The founder of the Coalition Against Police Abuse and former Black Panther died Sunday at home in Pasadena. A longtime activist and police critic in Los Angeles and Pasadena, Zinzun had recently joined the chef's program at the California School of Culinary Arts. Spying on Zinzun's group by the LAPD led to a $1.9 million judgment and disbanding of the Public Disorder and Intelligence unit. From the Star-News:
On June 22, 1986, Zinzun lost partial sight in one eye after a melee with Pasadena police at the Community Arms housing project. Zinzun filed a federal lawsuit against the department and was awarded $1.2 million in an out-of-court settlement. As part of the settlement, Zinzun was to receive $1,750 a month for the rest of his life.
In 1989, Zinzun was again running for a seat on the Pasadena Board of Directors when LAPD Assistant Chief Robert Vernon used a department computer to gather information about Zinzun. Vernon, a Pasadena resident at the time, gave the information to his neighbor, John Crowley, a Board of Directors member. The information was leaked to the Los Angeles Times, which published a story implying there were files on Zinzun in the LAPD's Anti-Terrorist Division.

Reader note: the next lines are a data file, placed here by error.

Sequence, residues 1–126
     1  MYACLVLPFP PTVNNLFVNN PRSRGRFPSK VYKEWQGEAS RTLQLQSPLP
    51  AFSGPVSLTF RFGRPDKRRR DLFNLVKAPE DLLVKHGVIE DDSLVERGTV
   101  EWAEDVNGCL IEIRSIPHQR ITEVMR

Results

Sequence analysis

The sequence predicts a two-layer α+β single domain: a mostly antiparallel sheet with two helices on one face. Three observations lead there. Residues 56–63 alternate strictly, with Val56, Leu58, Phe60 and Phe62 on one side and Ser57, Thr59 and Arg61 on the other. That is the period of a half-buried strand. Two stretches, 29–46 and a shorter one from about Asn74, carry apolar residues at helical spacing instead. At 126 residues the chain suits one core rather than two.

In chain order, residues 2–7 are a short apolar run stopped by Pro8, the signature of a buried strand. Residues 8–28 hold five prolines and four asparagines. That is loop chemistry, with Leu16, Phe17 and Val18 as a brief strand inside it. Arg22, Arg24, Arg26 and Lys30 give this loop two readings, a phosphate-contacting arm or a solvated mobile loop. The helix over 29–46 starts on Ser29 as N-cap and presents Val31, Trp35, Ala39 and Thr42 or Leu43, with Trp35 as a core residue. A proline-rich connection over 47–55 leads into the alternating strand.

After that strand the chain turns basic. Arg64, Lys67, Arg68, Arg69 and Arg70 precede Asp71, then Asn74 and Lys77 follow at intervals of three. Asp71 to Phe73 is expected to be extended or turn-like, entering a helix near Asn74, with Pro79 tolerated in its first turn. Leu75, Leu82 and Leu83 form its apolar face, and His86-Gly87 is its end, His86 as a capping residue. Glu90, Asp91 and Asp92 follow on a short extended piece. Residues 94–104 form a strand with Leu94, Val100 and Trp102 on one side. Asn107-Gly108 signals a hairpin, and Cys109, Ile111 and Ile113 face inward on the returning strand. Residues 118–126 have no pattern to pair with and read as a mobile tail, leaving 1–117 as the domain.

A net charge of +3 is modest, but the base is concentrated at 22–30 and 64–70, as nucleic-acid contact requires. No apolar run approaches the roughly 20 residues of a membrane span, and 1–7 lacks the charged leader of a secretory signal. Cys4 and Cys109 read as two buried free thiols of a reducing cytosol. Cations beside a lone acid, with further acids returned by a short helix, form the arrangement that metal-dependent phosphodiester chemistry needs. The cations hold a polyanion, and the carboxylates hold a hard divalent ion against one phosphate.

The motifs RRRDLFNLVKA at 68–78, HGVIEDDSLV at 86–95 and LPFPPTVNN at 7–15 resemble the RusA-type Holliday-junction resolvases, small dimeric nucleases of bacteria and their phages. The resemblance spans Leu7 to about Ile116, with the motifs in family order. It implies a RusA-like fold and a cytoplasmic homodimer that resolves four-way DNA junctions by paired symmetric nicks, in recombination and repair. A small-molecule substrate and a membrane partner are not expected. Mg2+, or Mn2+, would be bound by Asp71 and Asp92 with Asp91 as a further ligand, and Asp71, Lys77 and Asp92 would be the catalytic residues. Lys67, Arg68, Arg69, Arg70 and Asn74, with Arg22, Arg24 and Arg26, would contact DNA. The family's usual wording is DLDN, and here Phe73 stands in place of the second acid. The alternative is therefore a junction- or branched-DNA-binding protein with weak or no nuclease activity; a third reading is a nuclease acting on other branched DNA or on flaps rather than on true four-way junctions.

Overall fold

Zinzun lost the election, which took place one day after the story ran. Zinzun filed a lawsuit against the LAPD, claiming defamation and violation of his right to participate in an election.
It was the start of a five-year legal battle. In 1991, a jury awarded Zinzun $3.8 million, but a judge threw out the verdict, saying the evidence didn't support Zinzun, who appealed the ruling. The Los Angeles City Council rejected a $450,000 settlement before agreeing to pay Zinzun $512,000 in 1994.
The story also talks about Zinzun's role in the protests that erupted into the 1992 riots after the acquittal of the LAPD officers who beat Rodney King.